Delivering lines that carry anger or annoyance in them dictates that you have to know your lines well enough to almost forget that you’re delivering them because you’re actually angry. It’s like going on auto-pilot in your head and letting your anger do the talking. My director did an exercise with me last night during which she yelled lines at me and I was to yell my lines back at her. I almost scared myself when I yelled my lines back at her because not only did I deliver them well, but my accent didn’t waver at all. I honestly felt like a very angry Irish woman (or at least how I imagine she would feel). I was so overcome with the emotions I was supposed to be feeling, and the attitude those emotions carried, that my lines came out just as they were written, and with the perfect accent.
Of course, all of these things come together to result in my being able to deliver at least a passable Irish accent. At least when I’m delivering lines written as an Irish man imagines they would be delivered by an Irish woman. The trickier part is delivering your own words in that same accent.
A funny thing happens when I attempt to speak in the same accent using my own thoughts and words: my sentences come out composed a little differently than they normally would — at least in some cases. Since I seem to do my best thinking while in the shower, it follows that rehearsing lines comes easier there as well. This morning, I hopped in the shower and decided just to talk to myself in my adopted Irish accent. I’ve noticed though that I do unconsciously slip into saying words like “grand” and “lovely” quite a bit. I imagine this is partially because of a stereotype I have embedded in my mind that all Irish people use those words a lot, but it’s also definitely because those words are quite fun to say with that accent. I never consciously think, “This is where an Irish speaker would say this word”, but my brain seems to want to slide these words (and others) into my everyday speech if I’ve accented it.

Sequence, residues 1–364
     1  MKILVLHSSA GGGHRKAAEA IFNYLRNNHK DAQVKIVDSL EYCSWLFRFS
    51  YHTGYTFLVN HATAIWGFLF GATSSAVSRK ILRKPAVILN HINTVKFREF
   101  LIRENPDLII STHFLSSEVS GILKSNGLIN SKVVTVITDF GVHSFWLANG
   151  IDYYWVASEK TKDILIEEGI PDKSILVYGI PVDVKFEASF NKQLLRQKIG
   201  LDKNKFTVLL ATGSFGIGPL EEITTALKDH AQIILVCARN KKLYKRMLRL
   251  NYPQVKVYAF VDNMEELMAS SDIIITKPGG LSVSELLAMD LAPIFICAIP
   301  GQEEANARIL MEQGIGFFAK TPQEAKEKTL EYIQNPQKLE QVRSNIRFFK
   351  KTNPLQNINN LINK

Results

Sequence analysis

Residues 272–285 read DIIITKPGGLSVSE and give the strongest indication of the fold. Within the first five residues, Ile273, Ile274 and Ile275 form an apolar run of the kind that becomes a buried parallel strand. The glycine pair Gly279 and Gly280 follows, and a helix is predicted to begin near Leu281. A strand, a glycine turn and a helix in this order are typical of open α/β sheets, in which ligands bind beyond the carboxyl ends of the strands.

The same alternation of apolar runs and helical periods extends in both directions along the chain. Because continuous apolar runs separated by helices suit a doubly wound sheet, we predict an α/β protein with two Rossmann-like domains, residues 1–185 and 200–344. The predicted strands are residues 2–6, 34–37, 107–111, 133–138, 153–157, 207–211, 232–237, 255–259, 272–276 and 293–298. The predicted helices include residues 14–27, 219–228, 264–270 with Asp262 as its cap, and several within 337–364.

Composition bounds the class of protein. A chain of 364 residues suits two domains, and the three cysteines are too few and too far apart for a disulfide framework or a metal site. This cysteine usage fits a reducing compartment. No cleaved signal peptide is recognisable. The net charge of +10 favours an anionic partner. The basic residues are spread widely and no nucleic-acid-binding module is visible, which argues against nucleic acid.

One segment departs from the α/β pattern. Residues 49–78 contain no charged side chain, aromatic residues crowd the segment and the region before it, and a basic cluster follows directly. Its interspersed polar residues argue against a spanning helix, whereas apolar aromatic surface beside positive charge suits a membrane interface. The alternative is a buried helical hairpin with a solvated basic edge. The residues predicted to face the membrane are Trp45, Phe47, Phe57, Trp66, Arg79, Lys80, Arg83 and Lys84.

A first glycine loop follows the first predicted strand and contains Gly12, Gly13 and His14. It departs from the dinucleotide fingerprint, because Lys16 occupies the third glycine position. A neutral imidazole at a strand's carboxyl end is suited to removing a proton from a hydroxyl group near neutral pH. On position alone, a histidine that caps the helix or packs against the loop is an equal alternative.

Years ago, while I was learning to speak french in high school, I was told that learning to speak the language also meant learning to think in that language, and I suppose that’s true. I am beginning to think that it may also be true when it comes to accents as well. There seems to me to be quite a difference in a mind that composes “what had you” as opposed to “what did you have”. Perhaps there’s someone out there who would be able to enlighten me a little on that. Linguists, I’m looking at you!
Speaking from my limited experience in learning accents, what I can say is that it’s a good bit of fun. Particularly when you’re in a situation where you’re watching other people learn along with you. I’ve been speaking in my accent all day as an exercise and when I came out of it to talk to my mother on the phone earlier, I found it difficult to let go. I find myself wanting to speak louder than I normally would as well, and getting excited about things just to hear the way the words come out when I do. This might strike you as foolish, but it’s like I said at the beginning: when was the last time you scolded someone in an Irish accent? Not recently, hey? Never, you say! Pity. It’s rather enjoyable!